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Kkr Banks Fail To Sell $10 Billion Of Boots Loans

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http://business.timesonline.co.uk/tol/busi...icle2976294.ece

Alliance Boots is still paying £65 million in monthly interest on £9 billion worth of debt its bankers have still to sell to investors as part of the £11 billion private equity-led takeover deal four months ago.

It has also emerged that the company's new owners, Kohlberg Kravis Roberts (KKR) and Italian billionaire, Stefano Pessina, paid £1.5 billion in dividends within days of Alliance Boots being taken private at the end of July. On August 6, a £1 billion dividend was paid followed by £550 million on August 20.

This payment was made as global credit markets began to tighten, making it difficult for the banks to find new investors to buy into the £9 billion debt used to finance the takeover deal.

So far, only £750 million worth of mezzanine debt has been syndicated, or sold on, to other investors.

It is now understood that a group of banks, led by Deutsche Bank, who underwrote the debt will restart efforts in the New Year to sell on the £8.25 billion debt that has been left sitting on their books.

Alliance Boots is paying at least 8.6 per cent in annual interest on the £9 billion which is equal to £774 million a year.

Alliance Boots said today: "The directors are satisfied with the performance of the company for the period and with its financial position at the end of the period. The directors consider the future prospects of the company to be good."

However, the company which is both a retailer and a drugs distributor, is facing a number of external pressures.

These include growing weakness in consumer spending, an Office of Fair Trading study into how drugs are distributed in the UK and the Government's recently introduced plan to cut the amount it pays British pharmacies for generic drugs.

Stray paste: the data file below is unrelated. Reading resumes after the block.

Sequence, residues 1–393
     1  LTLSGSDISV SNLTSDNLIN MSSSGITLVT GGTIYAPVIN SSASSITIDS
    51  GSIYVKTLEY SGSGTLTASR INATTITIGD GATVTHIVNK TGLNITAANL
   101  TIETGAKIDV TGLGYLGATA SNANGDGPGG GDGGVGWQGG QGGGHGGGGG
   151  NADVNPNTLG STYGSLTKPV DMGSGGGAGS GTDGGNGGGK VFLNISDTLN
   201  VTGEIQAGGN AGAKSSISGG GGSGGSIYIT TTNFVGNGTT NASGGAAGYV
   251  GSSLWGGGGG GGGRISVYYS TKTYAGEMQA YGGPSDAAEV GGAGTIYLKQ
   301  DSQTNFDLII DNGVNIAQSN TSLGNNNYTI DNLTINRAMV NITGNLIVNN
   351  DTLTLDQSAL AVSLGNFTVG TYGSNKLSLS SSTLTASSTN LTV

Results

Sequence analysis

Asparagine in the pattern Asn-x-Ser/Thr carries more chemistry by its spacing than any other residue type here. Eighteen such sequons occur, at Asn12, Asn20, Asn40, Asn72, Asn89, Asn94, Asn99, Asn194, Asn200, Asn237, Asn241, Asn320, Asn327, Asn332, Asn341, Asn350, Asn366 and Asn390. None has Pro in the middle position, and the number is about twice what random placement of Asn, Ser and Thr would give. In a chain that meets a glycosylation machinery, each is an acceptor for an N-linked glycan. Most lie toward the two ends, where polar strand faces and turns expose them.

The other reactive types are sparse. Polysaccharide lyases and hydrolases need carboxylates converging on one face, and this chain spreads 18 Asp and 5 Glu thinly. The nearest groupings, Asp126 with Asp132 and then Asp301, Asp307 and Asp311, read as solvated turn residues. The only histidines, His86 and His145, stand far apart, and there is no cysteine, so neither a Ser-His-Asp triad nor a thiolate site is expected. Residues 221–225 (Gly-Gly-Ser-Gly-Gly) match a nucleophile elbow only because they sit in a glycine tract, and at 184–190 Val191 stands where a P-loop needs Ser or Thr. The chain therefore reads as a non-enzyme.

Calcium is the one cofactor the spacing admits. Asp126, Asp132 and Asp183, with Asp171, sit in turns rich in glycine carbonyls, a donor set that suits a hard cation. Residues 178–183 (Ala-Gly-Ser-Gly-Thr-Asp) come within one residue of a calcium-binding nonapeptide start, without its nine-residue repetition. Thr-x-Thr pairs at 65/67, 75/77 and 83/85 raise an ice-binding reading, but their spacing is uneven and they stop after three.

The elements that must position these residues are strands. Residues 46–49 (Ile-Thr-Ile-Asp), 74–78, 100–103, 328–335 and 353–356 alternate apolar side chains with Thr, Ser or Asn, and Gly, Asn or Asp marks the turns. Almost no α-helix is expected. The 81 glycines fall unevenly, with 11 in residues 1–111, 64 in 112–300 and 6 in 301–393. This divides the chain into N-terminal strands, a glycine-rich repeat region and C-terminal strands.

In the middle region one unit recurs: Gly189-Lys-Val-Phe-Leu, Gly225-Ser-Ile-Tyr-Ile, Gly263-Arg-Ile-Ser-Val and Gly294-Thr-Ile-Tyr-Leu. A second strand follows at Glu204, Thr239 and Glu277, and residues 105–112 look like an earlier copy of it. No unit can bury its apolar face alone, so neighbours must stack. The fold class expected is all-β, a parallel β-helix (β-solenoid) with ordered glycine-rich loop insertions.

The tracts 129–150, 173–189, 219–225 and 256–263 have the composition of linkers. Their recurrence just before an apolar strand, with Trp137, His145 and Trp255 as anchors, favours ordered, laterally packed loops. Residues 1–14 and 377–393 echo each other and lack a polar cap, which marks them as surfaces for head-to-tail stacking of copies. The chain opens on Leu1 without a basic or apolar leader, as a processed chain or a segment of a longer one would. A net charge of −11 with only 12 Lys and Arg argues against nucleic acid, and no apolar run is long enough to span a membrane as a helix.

Alliance Boots had expected the UK Government to cut £300 million off how much its pays for medicines but the final reduction reached a total £470 million, which could dent the company's profits by as much as £80 million this year.

Still not sold on!

Still not as odd as the mess M&B got themselves into.

Try telling that to Mitchells & Butlers, the All Bar One owner which looks increasingly like a rogue derivatives trader with a pub group on the side - more Nick Leeson than Bet Lynch.

Hard to believe then that further down the profit and loss account, last year's £220m surplus turned into £48m of red ink. This remarkable disappearing act was the unfortunate by-product of a deal which must have seemed a good idea at the time - setting up a joint venture with property entrepreneur Robert Tchenguiz as a first step towards putting a sensible price on M&B's undervalued pub estate.

Unfortunately, M&B was getting deep into an area for which its pint-pulling expertise had not prepared it. Increasingly twitchy banks would only stump up the cash required to fund the venture if M&B agreed to a complicated interest rate and inflation swap arrangement that would protect it from movements in the cost of money or rising prices (don't ask).

http://www.telegraph.co.uk/money/main.jhtm.../30/ccom130.xml

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Just wondering if it dont get sold on whats going to happen hey, is it bye bye boots?

It depends whether they can afford £65m per month just for the privilege of being owned by someone else. If they can't, and it takes them down, there will be riots.

Anyone know how long they could afford this for?

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Dont Boots do a borrow two loans get the third one free?

no um....

is it get the least expensive one at half the interest?

ang on